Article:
Truly, the Word of Faith movement is creating a crisis in Christianity. Their views are clearly more than a small difference of opinion. They articulate an alternative Jesus and different gospel. You need to read this book.
Pastor Jeremy Lee
Twining Baptist Church

Friday, August 14, 2009

Additional Language Resources

As a follow-up to yesterday's post I thought you might find the following sites helpful. Both sites offer the full text for free on-line.

Hebrew-English Interlinear (Leningrad Codex w/ vowel markings)

Septuagint Greek-English Interlinear (this appears to be an eclectic text)

For those not familiar with the Septuagint (or rather, the "Septuagints" plural---for there are several versions), a handy printed resource is a book called The Invitation to the Septuagint by Karen Jobes (published by Baker).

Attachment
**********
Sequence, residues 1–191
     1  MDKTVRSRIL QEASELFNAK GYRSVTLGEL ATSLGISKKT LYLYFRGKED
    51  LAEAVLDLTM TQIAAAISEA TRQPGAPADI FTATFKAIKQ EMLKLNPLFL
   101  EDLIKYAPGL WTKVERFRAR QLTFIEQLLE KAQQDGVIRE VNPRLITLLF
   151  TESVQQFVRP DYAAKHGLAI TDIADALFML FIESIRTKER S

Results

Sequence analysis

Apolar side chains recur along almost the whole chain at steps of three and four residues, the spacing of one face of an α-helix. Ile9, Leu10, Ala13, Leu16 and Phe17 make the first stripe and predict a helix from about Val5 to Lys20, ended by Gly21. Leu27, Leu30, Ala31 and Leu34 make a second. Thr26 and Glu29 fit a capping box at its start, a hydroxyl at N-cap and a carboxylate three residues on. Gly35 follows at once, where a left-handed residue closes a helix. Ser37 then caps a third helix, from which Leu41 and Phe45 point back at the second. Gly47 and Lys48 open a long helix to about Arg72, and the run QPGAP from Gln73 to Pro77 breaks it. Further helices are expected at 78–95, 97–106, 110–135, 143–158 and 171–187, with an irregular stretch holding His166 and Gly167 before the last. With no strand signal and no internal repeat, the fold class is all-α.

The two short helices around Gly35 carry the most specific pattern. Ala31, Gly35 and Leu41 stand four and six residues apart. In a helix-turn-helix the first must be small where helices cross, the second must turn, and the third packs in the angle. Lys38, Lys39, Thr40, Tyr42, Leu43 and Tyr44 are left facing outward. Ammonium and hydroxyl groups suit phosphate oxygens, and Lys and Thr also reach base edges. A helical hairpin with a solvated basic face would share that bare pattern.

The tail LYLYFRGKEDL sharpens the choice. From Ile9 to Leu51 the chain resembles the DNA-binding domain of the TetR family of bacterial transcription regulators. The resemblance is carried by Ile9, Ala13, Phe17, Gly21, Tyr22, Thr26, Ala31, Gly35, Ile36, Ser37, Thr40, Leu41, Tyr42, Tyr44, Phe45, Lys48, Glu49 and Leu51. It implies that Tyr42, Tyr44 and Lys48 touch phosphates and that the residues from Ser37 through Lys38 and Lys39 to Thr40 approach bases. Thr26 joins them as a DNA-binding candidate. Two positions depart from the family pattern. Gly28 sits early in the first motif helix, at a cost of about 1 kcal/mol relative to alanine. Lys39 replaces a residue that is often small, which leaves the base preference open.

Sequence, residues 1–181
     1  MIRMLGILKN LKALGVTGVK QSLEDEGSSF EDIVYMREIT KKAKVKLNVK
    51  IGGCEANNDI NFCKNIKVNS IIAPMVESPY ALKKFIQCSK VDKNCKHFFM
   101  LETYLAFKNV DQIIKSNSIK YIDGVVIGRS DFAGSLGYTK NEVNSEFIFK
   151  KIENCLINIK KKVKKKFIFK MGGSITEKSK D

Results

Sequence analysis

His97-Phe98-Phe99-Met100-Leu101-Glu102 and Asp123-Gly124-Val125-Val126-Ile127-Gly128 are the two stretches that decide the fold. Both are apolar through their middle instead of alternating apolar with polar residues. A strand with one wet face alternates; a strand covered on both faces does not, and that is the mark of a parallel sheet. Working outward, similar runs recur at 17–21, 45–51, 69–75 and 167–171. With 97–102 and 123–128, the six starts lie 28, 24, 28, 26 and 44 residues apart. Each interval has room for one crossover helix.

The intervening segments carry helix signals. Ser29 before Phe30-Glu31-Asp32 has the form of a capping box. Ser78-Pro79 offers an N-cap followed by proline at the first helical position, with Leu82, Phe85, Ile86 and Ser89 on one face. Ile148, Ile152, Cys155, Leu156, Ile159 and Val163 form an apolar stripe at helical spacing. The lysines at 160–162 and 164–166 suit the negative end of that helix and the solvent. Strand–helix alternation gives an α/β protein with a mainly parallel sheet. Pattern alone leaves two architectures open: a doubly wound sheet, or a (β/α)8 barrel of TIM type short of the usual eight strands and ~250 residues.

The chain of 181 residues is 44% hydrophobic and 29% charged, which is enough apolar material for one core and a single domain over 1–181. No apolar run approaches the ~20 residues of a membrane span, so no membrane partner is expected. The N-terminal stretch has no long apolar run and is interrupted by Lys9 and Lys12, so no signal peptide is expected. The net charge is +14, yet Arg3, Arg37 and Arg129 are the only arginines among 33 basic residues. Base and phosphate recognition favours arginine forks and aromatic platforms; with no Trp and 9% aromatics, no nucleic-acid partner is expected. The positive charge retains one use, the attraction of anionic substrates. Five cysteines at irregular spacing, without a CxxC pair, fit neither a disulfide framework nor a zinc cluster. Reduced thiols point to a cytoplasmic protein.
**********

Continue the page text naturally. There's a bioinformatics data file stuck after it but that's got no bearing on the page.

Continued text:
Thursday, August 13, 2009

Septuagint Study Resource

The Septuagint is a rich resource for those studying the Old Testament. For many of the writers of the New Testament, the LXX was the preferred translation (for example, that is all the author of Hebrews uses in his OT quotations).

The problem for the modern minister, who perhaps isn't as sharp in Greek as he would like to be, is in finding a reliable translation. Back in 2007 the New English Translation of the Septuagint (NETS) was published as is available for free online. While I am not always thrilled with its renderings, it is nevertheless a valuable resource when studying an Old Testament passage--even more so when studying a New Testament passage which quotes the Old Testament. In most instances, our modern English Bible's follow the Masoretic Text for the Old Testament (for good reason, I would add). But having a reliable text for comparison is essential for in-depth study.